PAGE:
Issue Two is a proposed Constitutional amendment to create the Ohio Livestock Care Standards Board, which will prescribe standards for animal care and well-being. This Board would perform these functions to maintain food safety, encourage locally grown and raised food and protect Ohio farms and families.

The Board would establish standards after considering agricultural best management practices, biosecurity, disease prevention, animal morbidity/mortality data, food safety practices, and the protection of local, affordable food supplies.

The bi-partisan Board would be comprised of 13 members with expertise in farming, animal care, and food safety issues, and chaired by the director of the state department that regulates agriculture. The Governor would appoint ten members of the Board, as follows:

- One representing family farmers

- One knowledgeable about food safety in Ohio

- Two representing Ohio farming organizations

- One who is a veterinarian

- The State Veterinarian

- The dean of the agriculture department of an Ohio college or university

- One representing a county humane society in Ohio

- Two representing Ohio's consumers

The Leaders of the Ohio House of Representatives and the Ohio Senate would then each appoint a family farmer to the Board. It is stipulated that no more than seven members of the board can be of the same political affiliation.

Dave Ernest and his son Troy own and operate County Line Pork, Inc., which is a 1,200 sow operation just west of the Hardin-Allen County Line on State Route 81. The Ernest family are supporters of Issue Two, raised by the fear that out-of-state groups will try to regulate the practices of Ohio producers. Dave Ernest likened these groups to be extremists, with long-term goals of "knocking out any kind of meat production." He said that such groups, including People for the Ethical Treatment of Animals (PETA) have already had impact on the raising of livestock in California. "They have a lot of money and a lot of power. If we don't do something, we will see these groups...come in," Dave noted.

Troy Ernest added that Ohio is ranked number nine in the nation for pork production and is number two in egg production. Since Proposition Two passed in California and certain kinds of crates for laying hens were outlawed, he feels that California's egg industry will be virtually eliminated, and the same could happen in Ohio if animal rights groups gain control of regulating the industry.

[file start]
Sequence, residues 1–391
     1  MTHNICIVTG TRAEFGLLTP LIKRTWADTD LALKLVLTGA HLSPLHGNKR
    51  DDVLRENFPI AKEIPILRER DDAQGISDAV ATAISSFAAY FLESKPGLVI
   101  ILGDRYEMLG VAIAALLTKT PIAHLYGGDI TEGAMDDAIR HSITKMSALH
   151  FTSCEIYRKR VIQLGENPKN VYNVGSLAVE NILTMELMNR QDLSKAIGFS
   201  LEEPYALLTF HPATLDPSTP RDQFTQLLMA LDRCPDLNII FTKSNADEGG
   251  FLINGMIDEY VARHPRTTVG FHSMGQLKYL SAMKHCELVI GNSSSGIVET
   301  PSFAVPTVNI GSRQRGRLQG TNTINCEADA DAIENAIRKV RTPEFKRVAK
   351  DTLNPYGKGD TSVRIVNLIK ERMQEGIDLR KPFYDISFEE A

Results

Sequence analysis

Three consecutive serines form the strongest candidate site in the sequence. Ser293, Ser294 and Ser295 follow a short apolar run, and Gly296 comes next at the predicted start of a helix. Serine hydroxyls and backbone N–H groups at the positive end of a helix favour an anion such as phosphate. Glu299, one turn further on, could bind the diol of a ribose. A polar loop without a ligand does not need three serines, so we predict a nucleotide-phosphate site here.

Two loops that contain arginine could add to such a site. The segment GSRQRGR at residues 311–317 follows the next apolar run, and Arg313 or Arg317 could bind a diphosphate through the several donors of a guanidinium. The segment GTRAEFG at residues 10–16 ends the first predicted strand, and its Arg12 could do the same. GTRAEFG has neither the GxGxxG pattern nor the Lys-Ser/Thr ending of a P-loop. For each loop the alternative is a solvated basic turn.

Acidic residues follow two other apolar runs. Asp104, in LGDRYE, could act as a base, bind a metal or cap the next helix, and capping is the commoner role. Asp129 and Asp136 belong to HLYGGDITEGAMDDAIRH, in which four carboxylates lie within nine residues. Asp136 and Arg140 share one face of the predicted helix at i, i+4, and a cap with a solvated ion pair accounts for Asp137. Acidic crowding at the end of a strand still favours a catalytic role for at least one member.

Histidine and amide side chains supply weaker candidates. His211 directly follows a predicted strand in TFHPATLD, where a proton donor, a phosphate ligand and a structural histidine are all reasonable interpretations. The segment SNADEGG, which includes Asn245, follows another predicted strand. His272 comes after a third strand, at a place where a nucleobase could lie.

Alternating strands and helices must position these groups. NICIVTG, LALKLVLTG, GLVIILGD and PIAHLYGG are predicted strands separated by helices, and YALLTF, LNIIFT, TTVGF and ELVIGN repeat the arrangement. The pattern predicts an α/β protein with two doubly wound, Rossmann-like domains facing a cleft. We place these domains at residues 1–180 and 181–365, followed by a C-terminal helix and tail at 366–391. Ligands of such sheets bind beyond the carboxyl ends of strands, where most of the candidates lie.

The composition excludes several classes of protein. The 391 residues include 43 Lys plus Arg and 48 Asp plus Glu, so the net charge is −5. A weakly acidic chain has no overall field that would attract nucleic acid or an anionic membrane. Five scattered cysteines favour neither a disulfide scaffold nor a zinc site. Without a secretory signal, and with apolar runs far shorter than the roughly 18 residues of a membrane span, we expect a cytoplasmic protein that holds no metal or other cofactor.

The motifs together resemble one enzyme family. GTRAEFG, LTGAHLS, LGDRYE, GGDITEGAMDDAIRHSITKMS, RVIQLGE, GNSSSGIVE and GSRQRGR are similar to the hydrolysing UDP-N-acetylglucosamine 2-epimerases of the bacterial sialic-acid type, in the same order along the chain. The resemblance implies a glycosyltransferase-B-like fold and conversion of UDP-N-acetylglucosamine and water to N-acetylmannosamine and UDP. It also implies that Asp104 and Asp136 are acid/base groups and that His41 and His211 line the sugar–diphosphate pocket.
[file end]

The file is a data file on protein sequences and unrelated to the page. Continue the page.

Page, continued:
He also explained that there is a group called the Humane Society of the United States (HSUS), which is not the same agency as the Humane Society, known to many as an advocate for family pets. Troy and his father are concerned that the public does not understand that there is a difference between the two. The HSUS are opposed to the utilization of animals altogether, and being based in Washington, D.C., are at the heart of this issue.

Dave explained that Ohio does have state commodity boards, for pork producers, cattlemen, those who raise poultry and even grain, but the new board "will have representatives from all boards so it's not loaded with one special interest group." Dave noted that both the consumer and the meat packers demand quality, and the producers want to continue performing good animal husbandry practices to provide the best quality products.

Troy, who is president of both the Allen County Pork Producers and the Allen County Farm Bureau, noted that "our elected officials...realize that this is a threat to Ohio agriculture." Both the Ohio House and Senate worked together to put the issue on the ballot, he said. The Pork Producers and the Farm Bureau are in favor of passing Issue Two to keep control local, "guaranteeing safe and low-cost food to Ohio consumers," according to Troy.

If this measure DOES NOT pass, new regulations could come about from out of state pressure, making animal production less cost-efficient, and the producers would have to pass that cost on to the consumer, making grocery bills higher. If meat production ceases, the importation of meat from other countries could be risky, as their standards aren't as high as the US Department of Agriculture.

Troy noted that the impact of NOT passing Issue 2, would also affect the grain farmers, since 60 percent of the grain that is raised in Ohio is used for livestock feed. If there isn't any livestock production, then that grain market would dry up and prices would drop.

The biggest complaint of the animal rights organizations are that animals are confined to crates, unable to turn around. Dave says that yes, they use gestation crates for their sows, but also says that these animals are "confined but content and well-fed. We're careful and watch their weight." He said that sows are monitored more than some parents watch their own children's diets.

"A lot of people think (this issue) it's about saving factory farms, but it's about all productions, large and small," concluded Troy Ernest. He offered the website for more information.

The County Line Pork business operates a farrow to feeder program, where piglets are raised up to two sizes: 13 pounds and 60 pounds. Essentially a middle man, these pigs are shipped out to other pork producers to be raised to full size. Dave said they ship out between 25-30,000 pigs a year.